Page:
There are times when I don’t seem to have, “the vision”, anymore and with this comes the depression that can plague you and drag you down with disbelief in your work and in yourself.
I have photographic skills. I’ve learned the trade with a degree in photojournalism, working for newspapers, freelancing to magazines and various book publishers. I learned enough to have expressed those skills through teaching photography at a University and since that time I gathered those proficiencies and had a twenty year run with my own publishing company.
But just as the day I was mesmerized by the click of a shutter on my first camera many years ago, the excitement is sometimes followed by the anxiety and self judgment of myself and the success of the image.
Sometimes, I feel that I am just playing with the, “wanna be”, thoughts of being a photographer, even though I have been driven’ to the viewfinder almost all my life.
Now my work in fine art photography is more conceptualized, sometimes only seconds before it happens but it can flow freely.
I have learned that it is the process of making images that counts. It is what shapes us as artists. What happens with the final image is only important to the viewer. Our art is made through our private vision and the execution that gathered all the elements necessary to communicate this vision to another person.
I still get the anxiety rushes sometimes but I have learned to accept myself and in doing so my vision and art has grown.
The creation of images is always at work in one’s subconscious. We feed it through the action of doing. Reading, viewing other artwork, studying, adopting and applying what you like and works for you leads to your distinctive style. The work itself develops who we are.
I have taken and at times created tens of thousands of images over the years. Many others were thrown in the trash seconds after I saw the developed film or deleted after capture. Each of those images was an expression of who I was at that time.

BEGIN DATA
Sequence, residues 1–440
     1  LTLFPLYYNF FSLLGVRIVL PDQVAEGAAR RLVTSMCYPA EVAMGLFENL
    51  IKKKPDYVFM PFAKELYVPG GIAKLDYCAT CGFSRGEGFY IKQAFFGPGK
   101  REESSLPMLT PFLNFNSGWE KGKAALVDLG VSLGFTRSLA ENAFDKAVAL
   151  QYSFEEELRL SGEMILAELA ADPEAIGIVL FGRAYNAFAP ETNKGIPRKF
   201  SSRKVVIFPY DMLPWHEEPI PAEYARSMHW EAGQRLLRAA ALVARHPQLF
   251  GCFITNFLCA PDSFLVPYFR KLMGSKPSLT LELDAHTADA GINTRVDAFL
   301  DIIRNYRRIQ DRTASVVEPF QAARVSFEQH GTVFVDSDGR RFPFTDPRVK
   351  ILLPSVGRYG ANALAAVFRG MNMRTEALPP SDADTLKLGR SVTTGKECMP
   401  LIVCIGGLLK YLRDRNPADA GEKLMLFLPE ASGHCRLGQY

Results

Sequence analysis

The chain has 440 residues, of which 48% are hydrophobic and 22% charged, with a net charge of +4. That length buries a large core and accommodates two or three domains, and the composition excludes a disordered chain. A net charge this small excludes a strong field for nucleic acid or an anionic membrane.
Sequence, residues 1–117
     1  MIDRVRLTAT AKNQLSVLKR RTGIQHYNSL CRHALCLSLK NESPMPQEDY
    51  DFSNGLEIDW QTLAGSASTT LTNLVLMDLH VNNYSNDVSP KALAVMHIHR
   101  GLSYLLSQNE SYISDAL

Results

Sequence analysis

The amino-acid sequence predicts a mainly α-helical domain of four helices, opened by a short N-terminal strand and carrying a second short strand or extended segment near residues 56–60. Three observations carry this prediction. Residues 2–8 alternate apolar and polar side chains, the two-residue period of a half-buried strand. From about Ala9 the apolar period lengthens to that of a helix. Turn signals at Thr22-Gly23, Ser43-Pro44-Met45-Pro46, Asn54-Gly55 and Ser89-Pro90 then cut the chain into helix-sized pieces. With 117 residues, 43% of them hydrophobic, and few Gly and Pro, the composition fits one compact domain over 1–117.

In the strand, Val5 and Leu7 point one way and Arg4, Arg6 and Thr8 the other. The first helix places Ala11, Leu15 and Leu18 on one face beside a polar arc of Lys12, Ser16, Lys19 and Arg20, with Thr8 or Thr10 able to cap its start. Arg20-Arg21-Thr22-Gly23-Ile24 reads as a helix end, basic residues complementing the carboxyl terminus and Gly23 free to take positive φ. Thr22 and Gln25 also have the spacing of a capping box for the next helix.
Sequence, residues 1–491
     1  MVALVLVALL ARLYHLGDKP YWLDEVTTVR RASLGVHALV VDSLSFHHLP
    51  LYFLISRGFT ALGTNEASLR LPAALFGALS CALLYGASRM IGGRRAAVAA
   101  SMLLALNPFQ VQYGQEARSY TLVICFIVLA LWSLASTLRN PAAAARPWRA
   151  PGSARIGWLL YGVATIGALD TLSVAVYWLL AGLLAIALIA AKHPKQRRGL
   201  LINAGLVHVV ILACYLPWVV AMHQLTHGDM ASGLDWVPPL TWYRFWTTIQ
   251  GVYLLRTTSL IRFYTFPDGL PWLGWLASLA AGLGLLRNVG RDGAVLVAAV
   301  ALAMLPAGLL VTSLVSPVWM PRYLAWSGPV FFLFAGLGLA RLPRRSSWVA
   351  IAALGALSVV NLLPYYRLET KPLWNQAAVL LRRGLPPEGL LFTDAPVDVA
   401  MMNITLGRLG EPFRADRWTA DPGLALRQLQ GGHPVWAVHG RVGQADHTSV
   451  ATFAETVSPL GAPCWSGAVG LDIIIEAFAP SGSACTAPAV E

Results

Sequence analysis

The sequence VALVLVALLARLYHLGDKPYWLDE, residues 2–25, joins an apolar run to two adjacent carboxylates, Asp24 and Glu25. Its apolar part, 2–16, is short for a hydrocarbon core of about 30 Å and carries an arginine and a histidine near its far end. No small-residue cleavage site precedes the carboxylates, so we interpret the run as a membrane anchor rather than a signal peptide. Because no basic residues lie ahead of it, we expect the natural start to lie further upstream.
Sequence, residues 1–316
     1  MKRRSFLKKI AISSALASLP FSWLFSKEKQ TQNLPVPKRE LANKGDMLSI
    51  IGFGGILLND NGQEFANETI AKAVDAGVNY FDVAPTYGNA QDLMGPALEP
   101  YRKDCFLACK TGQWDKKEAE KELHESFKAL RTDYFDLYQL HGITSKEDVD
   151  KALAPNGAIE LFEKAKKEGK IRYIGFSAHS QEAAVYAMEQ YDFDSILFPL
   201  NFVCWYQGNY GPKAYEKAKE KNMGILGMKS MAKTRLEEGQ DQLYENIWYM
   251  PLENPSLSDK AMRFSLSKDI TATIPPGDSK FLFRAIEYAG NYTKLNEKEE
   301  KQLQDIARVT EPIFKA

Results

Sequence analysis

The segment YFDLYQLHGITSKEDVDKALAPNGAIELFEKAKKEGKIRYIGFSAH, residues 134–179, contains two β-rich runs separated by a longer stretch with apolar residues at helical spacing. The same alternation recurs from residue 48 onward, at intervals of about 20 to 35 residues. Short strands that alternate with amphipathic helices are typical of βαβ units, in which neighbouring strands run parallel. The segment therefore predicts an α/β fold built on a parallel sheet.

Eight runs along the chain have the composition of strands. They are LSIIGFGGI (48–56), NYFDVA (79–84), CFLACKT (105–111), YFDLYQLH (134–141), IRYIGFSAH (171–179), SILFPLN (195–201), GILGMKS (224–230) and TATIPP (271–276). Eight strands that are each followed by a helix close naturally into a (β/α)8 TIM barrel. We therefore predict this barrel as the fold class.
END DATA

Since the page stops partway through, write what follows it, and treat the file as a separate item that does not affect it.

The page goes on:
Unhappy times created mediocre photographs. Depressive times left me without expression. Eventually the desire to communicate lured me back and after each personal pitfall the quality of my art grew and the vision was easier to grasp the next time around.
My point here is that one must keep working developing new image after new image, trying one thing after another with a belief that a breakthrough will come. Believing in yourself is key yet it is the hardest hurdle to overcome in the making of one’s art and the discovery of who you are.
Sometimes it will take a hundred or more failed photos to pull yourself through but faith that the next plateau is out there and you can get to it will make you art soar.
It is not an easy task but to some the drive just will not let go.
Photographs used in this post are copyrighted by Wayne Scherr, Range of Vision Photography, 2010, All Rights Reserved. Reproduction in any manner is prohibited without the written permission of Wayne Scherr, Range of Vision Photography. My image catalog can be viewed at http://www.rangeofvisionphotos.com. You can contact me through this blog or email at: email@example.com